Encouraging students to utilize office hours can be a challenge for many faculty members. In a 2022 Student Voice survey from Inside Higher Ed and College Pulse, more than three in 10 student respondents at public institutions and two in 10 at private institutions reported never visiting professors during office hours. Different interventions can make the purpose of office hours more clear, and virtual or appointment-based hours can increase accessibility for students not on campus during the day.
To make office hours less intimidating for students, staff at Virginia Commonwealth University created “student hours,” a daily communal working space for multiple faculty members to meet with students across the STEM disciplines.
The pilot launched in 2018 in the library, and it has since grown, moving into a new space at VCU’s Science Hub this fall. Student and faculty feedback has shown an uptick in usage of office hours and a deeper sense of community.
The background: VCU received an Inclusive Excellence grant from Howard Hughes Medical Institute in 2018 that challenged colleges and universities to reimagine how they’re serving students and how institutional barriers can impact student success in the STEM field.
Michal Coffey, director of VCU’s Campus Learning Center, partnered with faculty fellows in the STEM field to imagine ways to strengthen student-faculty relationships and reduce pressures on students—and they considered the challenges of office hours.
“The idea of traditional office hours, going into somebody’s office, is really intimidating, especially as a first-gen student,” Coffey explains. “Even knowing, how do you enter an office, how do you greet somebody? Where do you sit? What’s the protocol for this? There’s so many unwritten rules.”
Instead, VCU flipped the model, calling it “student hours” instead, to create a space where students feel more comfortable without the unwritten rules of a professor’s office.
The pilot: Student hours initially launched in the library, utilizing a classroom-ish space four days a week for around two to three hours each day.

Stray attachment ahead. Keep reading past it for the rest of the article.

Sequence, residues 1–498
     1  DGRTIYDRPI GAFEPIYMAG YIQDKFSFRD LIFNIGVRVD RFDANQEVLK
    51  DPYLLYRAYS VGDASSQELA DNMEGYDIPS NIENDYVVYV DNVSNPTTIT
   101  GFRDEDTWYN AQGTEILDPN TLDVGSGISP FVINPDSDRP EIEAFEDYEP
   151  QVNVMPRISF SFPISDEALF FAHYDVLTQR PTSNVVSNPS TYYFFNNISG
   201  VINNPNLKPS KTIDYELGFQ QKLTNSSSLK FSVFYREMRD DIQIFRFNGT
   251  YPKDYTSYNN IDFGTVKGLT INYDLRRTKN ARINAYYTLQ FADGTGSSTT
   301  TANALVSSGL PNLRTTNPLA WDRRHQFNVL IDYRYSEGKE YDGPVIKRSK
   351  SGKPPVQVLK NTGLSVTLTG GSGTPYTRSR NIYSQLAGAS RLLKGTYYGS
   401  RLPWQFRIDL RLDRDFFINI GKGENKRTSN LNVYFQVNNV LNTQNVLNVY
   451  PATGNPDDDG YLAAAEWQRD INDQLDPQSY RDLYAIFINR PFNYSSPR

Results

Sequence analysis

Coffey and the faculty fellows emailed STEM faculty members, letting them know about the opportunity and giving them a chance to sign up for a day and time. Faculty members sign up with a Google form, and most get their first choice of times, unless too many faculty members sign up for that day.
“The initial buy-in came from those faculty fellows,” Coffey says. “They were knocking on the doors of their colleagues, and they were like, ‘You’re gonna come with me, it’s gonna be great.’”
To advertise to students, the hours are posted on the Campus Learning Center’s website. Days and times remain the same week to week for the semester. Students sign in upon arrival to collect usage data, as well.
The format has proven successful, not only in creating relationships between students and their professors, but also in building faculty connections across the department to discuss curriculum or research.
New space: This fall, VCU opened its Science Hub on campus, dedicated to STEM subjects, which provides more space for students to connect with faculty members.
The Campus Learning Center owns space in the new facility, which allows for greater flexibility in offering student hours, Coffey says.
The new space also has resources such as whiteboards and round tables, which benefits groups of students showing up for office hours. “We have little breakout rooms if your group gets too big,” Coffey adds.
The center still operates between 8 a.m. and 5 p.m., but Coffey says student usage numbers have yet to dictate a need for expanded hours outside of that, and the center would need additional buy-in from faculty to manage later or earlier times.
The impact: More than 40 STEM faculty members are participating in student hours this semester. Some faculty members only offer drop-in appointments in the flipped format, but others do a mix, participating in student hours but also offering prescheduled appointments in their offices.
A recent survey of participating students found one-third of attendees had not attended traditional office hours prior to participating, and three out of five felt more comfortable attending student hours than traditional office hours.
The initiative also promoted belonging at the institution (58 percent) and within the STEM departments (63 percent) among surveyed participants.
In the future, Coffey hopes to have additional faculty members participate, with a goal of 50 in STEM. The staff would also like to grow opportunities for non-STEM faculty to participate in a similar setting, with the potential of using library space again to build up.
DIY: For a college or university looking to model student hours, Coffey offers five considerations.
- Find a faculty champion. Getting buy-in from the department starts with having people in teaching roles promoting and sharing the idea widely.
- Make it in-person. VCU shifted the model online during remote instruction in 2020 and 2021, but the format didn’t work as well as in-person.
- Invest in personnel. Hosting student hours (managing sign-ins, helping faculty members get resources and space for students) can be a considerable lift. Hiring student employees to manage the events can help alleviate staff burden.
- Manage space and size. Sometimes, a large group of students will participate in student hours on the day before an exam. Finding ways to manage noise and number of participants is critical to a productive work environment.
- Track usage. VCU collects student data, including which classes they’re coming from, to gauge usage among demographics and demonstrate success of the program, which Coffey believes is a best practice.
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